Waste Matters

You might not be surprised that there is a great deal of chatter during the printmaking sessions in The Barley Barn, though at times you can hear a pin drop, so intense is the concentration.

In one of these sessions, conversation turned to the waste we produce with our printmaking. Before us was a pile of prints. Some were good but others less so. Some were awful because that’s what happens when you learn a new skill and experiment. I know plenty of magazines would have you believe that in one afternoon you can pick up a piece of lino, carve and print it with no previous experience and have a framed masterpiece on the wall by teatime, but it isn’t so. Practice makes perfect – or at least improves. Though we’re invariably thrilled with the results of our first attempt at a new craft, looking back after more practice, we can see how much we’ve improved and how basic our first piece was.

We talked about using scrap paper to make books and how wonderful envelopes can look when made with reject prints, how best to use fragments for cardmaking or scrapbooking and techniques for mixed media and collage. We discussed the merits of making compost with paper and using the recycling bin.

“But what about fabric?” someone asked. It seems that one of the main obstacles to taking a fabric printing course is having to deal with the fabric once you’ve printed it. Some students design and print fabric that they make into clothes, others make pencil cases, bags and cushion covers. Some get carried away with the printing process and then store the fabric away, with the vague notion that one day they’ll do something with it. Others avoid the course.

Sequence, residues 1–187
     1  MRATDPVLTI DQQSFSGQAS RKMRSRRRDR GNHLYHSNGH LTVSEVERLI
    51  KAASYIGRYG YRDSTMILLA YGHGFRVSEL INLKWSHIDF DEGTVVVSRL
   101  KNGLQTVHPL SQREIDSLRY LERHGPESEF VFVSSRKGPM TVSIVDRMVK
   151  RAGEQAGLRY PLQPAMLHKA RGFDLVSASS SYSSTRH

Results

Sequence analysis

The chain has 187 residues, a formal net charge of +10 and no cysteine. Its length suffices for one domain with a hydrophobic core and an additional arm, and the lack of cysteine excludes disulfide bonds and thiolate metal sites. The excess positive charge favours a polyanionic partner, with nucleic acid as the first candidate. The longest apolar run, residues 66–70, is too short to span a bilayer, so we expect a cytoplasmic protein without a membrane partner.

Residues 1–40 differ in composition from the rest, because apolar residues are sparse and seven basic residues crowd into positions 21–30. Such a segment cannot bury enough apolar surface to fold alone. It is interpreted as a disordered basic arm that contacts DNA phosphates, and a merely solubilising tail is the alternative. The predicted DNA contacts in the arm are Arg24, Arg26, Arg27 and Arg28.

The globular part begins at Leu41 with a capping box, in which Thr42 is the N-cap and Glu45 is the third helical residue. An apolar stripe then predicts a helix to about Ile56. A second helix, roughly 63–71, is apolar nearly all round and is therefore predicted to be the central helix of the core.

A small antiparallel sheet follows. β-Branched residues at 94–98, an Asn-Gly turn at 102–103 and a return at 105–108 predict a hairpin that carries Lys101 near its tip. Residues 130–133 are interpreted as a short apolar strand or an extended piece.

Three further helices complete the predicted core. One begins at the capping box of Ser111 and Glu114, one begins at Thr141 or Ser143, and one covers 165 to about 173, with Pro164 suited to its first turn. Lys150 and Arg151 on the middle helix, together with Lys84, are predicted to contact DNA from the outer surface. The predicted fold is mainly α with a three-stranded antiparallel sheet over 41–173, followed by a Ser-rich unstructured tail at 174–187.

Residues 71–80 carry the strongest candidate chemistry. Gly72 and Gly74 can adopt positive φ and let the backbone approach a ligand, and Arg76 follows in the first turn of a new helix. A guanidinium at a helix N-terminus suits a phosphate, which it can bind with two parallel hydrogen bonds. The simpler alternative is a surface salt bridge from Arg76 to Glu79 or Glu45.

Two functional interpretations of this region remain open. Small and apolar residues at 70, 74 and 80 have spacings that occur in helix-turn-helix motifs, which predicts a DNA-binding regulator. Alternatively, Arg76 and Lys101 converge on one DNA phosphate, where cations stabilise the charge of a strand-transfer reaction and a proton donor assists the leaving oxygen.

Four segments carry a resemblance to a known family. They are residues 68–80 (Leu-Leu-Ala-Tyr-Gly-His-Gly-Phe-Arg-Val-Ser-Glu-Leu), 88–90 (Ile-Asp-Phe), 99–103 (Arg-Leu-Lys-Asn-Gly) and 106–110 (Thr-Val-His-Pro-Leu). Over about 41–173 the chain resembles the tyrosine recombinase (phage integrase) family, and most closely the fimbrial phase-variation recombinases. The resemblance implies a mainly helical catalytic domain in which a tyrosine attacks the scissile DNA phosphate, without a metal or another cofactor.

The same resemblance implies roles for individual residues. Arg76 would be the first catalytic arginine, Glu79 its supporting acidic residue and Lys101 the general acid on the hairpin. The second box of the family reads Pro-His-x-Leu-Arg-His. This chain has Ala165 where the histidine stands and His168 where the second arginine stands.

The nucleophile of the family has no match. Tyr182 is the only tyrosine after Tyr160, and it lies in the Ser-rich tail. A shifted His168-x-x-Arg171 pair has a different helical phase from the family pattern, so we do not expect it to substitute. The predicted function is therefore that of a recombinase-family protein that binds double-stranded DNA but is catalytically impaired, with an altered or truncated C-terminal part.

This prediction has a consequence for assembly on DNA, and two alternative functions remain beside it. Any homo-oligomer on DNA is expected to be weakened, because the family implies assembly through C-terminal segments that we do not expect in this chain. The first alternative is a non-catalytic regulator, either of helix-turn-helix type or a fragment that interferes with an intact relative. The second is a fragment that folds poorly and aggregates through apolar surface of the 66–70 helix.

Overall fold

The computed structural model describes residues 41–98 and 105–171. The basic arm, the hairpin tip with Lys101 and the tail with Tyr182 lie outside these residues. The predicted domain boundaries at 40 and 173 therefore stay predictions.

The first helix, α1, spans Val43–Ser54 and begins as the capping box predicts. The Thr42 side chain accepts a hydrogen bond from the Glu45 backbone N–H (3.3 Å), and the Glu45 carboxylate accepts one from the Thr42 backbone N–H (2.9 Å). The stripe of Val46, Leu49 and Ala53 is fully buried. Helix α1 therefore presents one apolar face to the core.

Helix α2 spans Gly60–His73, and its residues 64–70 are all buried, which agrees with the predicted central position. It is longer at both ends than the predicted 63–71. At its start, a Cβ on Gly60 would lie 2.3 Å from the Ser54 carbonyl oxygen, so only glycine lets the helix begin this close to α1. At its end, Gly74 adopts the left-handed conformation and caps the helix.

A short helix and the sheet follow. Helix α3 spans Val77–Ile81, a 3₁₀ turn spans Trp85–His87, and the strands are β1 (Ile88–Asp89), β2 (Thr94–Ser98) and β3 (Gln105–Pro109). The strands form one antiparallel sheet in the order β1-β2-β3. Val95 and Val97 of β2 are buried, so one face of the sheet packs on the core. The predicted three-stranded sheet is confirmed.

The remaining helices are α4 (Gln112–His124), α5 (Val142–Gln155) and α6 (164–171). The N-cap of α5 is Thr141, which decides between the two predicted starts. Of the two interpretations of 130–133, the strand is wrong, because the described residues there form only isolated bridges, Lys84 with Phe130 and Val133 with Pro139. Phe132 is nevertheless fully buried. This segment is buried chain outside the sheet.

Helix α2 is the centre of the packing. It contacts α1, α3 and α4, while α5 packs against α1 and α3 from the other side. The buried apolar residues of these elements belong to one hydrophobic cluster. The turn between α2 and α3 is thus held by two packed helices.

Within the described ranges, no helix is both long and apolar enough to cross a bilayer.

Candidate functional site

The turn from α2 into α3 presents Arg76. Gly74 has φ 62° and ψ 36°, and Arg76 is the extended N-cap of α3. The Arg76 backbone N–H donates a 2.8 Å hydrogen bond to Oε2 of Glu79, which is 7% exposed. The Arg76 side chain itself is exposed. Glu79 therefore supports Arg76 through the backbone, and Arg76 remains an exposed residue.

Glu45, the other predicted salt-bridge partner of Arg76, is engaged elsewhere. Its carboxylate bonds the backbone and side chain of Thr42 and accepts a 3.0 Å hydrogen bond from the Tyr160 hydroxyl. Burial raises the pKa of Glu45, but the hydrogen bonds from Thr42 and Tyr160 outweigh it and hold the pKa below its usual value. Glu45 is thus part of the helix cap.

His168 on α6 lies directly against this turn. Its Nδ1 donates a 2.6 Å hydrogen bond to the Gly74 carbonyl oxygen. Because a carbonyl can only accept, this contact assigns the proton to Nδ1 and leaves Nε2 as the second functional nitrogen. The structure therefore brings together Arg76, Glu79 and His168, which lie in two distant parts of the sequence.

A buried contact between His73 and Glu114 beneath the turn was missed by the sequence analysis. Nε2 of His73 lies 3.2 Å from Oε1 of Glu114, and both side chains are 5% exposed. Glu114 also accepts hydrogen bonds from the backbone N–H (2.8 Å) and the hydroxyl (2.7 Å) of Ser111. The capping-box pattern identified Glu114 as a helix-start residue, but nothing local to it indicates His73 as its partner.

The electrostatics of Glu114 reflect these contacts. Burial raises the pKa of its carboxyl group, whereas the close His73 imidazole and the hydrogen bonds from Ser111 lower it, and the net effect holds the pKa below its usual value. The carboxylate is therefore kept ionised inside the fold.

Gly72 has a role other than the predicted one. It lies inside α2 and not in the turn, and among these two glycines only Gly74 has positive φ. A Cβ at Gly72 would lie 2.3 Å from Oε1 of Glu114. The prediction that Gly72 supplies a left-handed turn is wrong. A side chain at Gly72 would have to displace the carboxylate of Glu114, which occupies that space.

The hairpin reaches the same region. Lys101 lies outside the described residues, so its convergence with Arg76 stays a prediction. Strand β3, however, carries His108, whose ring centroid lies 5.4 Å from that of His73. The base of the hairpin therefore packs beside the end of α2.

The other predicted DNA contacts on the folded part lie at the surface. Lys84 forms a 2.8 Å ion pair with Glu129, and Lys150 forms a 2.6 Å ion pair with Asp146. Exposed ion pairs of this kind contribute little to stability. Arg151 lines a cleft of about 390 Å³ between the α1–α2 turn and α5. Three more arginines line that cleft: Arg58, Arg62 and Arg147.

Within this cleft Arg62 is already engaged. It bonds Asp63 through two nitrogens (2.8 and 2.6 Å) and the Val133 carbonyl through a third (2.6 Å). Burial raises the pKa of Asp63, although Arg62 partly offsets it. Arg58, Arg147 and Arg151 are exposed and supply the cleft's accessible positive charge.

Napkin made with onion printed fabric

Mindful of the conversation about waste and my admiration as a friend had eschewed the paper napkins on offer at a restaurant recently and instead pulled out a cloth one from her handbag, I decided to make some small cloth napkins of my own. Not enormous ‘tie around your neck ready to eat spaghetti’ but small enough to slip into a bag and not special enough to cause upset if they’re left behind or used as a first aid accoutrement in an emergency. Also less wasteful in the kitchen than kitchen paper.

As luck would have it, I had several pieces of suitable fabric that have been used for printing practice and then forgotten stored away.

Napkin made with fabric printed with lemon

These cloth napkins are super easy to make. Just cut them to shape – 30 x 30 cms is a good size though some of mine were smaller – and hem the edges. A simple project for using up small pieces of hand printed fabric.

Because waste matters.

 

 

 

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3 Comments »

  1. Thats a great idea – I always use cloth napkins rather than paper as they wash easily and I don’t mind ironing them, so having a supply of them that can be used all the time, without feeling precious about them at all is a wonderful idea. And they will be unique too!

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